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Back in 2014 and into 2015, I posted a multi-part series of posts about the history of marriage in the tax code. In 2016 I was asked to condense that series into a CPE presentation. Here are excerpts from that presentation. This series of posts will cover a lot of the same ground as was covered three years ago, but hopefully with a little bit fresher perspective.

Because these parts are being posted haphazardly over the course of many months, I will pull all parts together once the final part is posted, and provide links to all the parts in one place.

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The tax reform of 1986 eliminated the marriage penalty at the lower income levels. The marriage penalty did still exist, but only at higher income levels. In running projections, I had to increase John and Jane’s income to the equivalent of more than $120,000 in today’s dollars before the marriage penalty applied.

One thing that helped ease the marriage penalty was the fact that the tax brackets were simple in 1988, as shown in the charts in Part 10.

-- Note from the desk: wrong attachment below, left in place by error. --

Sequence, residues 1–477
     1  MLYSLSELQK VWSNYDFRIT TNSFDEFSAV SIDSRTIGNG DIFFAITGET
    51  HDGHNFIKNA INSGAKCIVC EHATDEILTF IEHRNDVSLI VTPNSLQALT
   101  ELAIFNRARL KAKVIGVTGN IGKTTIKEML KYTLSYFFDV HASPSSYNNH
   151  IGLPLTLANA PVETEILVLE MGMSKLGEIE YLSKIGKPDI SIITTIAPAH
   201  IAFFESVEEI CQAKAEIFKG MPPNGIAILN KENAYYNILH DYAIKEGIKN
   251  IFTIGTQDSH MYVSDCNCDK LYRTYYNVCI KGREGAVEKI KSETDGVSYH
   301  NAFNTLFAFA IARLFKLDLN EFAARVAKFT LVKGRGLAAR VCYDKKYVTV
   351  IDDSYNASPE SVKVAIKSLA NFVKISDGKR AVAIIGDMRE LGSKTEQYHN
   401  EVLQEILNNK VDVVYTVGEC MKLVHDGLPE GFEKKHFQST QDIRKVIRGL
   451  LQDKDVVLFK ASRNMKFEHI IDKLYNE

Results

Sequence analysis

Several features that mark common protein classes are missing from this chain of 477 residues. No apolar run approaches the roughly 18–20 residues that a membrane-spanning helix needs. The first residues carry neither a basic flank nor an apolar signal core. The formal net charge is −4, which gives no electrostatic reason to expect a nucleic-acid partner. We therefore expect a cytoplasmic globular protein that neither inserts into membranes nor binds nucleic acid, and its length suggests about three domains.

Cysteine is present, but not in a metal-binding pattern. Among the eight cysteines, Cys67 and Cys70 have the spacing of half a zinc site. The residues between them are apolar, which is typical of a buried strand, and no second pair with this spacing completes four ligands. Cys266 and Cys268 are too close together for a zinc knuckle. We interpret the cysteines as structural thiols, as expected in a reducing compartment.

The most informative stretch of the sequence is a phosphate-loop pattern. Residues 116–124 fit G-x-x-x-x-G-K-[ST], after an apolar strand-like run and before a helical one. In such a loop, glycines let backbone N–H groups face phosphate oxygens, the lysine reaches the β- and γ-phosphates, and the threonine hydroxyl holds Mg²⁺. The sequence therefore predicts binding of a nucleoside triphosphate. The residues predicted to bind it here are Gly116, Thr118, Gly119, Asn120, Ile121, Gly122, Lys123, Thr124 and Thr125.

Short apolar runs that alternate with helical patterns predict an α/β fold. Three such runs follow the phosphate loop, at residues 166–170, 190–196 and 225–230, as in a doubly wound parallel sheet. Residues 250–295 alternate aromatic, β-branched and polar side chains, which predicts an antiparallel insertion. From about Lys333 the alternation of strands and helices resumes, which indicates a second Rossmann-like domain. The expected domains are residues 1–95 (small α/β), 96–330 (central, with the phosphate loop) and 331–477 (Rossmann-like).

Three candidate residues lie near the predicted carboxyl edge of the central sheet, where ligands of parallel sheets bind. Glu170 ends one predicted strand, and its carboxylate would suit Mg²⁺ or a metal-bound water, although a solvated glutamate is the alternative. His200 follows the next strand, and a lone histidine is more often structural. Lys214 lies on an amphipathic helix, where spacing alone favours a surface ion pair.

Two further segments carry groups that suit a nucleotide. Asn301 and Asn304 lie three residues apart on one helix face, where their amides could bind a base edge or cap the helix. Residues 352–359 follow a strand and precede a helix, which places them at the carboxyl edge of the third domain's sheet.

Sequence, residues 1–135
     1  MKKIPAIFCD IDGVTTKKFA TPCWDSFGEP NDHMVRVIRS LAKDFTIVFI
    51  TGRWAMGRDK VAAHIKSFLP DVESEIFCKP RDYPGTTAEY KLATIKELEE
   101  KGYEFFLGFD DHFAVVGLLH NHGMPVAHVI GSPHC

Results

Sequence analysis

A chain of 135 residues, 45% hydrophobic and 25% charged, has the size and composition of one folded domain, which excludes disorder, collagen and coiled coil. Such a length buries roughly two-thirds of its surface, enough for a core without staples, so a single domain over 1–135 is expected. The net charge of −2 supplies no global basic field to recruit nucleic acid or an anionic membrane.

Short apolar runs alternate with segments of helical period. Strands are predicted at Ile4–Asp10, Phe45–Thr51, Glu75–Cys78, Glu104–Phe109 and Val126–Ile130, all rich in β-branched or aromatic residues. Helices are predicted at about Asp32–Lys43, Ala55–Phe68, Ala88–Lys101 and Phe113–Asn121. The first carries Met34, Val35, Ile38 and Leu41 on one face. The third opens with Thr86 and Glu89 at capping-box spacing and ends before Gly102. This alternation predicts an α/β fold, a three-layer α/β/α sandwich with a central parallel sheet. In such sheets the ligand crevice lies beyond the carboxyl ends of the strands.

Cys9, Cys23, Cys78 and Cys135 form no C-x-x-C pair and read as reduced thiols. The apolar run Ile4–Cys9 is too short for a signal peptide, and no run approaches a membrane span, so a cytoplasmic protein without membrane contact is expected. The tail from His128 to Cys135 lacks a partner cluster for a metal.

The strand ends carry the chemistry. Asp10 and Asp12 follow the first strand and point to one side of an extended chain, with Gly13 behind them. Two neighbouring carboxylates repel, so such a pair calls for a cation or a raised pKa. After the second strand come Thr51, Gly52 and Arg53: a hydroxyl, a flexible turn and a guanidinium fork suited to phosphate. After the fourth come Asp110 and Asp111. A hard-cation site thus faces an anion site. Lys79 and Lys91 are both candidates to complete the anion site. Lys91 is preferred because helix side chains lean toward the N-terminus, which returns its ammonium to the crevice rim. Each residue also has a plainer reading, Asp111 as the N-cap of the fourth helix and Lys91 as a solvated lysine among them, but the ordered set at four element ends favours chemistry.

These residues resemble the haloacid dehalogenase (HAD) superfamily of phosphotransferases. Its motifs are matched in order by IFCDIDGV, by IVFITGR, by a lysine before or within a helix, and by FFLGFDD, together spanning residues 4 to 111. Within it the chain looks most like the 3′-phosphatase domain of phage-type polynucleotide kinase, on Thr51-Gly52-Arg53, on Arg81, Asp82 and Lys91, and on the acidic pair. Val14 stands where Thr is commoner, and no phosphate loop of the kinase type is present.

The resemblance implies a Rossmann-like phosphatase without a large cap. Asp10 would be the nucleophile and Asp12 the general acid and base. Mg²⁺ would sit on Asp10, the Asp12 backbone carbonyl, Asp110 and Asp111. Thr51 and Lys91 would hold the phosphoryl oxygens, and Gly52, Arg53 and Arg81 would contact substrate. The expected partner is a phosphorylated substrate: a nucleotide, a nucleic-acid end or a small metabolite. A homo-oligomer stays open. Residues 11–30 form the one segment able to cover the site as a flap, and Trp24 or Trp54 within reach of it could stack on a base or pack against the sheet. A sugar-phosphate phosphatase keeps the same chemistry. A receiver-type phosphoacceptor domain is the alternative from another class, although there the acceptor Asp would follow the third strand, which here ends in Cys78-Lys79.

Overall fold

But as the years passed, more levels were added back to the tax brackets, and the marriage penalty made a comeback at lower income levels.

By the mid-1990s, the lower range of where the marriage penalty kicked in was creeping downward.

In 1988, the marriage penalty became a reality at around $120,000 (in modern-day dollars). By 1995, the marriage penalty would apply at about $75,000 (in modern-day dollars).

Example

In 1995, John has taxable income of $35,000 and Jane has taxable income of $20,000. Their total taxable income is $55,000, and the tax on that would be  $10,330.

If John and Jane were single, John’s tax liability would be $6,765. Jane’s tax liability is $3,000, for a total tax liability of $9,765.

The marriage penalty here is $565 (the equivalent of about $850 today).

Tax reform in 2002 would give us the current tax brackets we have now, where the marriage penalty kicks in at higher income levels. In fact, one can run scenarios where a married couple has income well in excess of $100,000 and is still not subject to the marriage penalty.

This is a little misleading though. One thing not taken into account in these examples about the marriage penalty is the ability for unmarried couples to play with itemized deductions and swapping kids around in order to maximize tax benefits.

More on that in the next part.

“This blog post, along with comments that may follow, should not be considered tax advice. Before you make final tax or financial decisions, please secure a professional tax advisor to give you advice about your unique situation. To secure Jason as your accountant, please click on the ‘Services’ link at the top of the page.”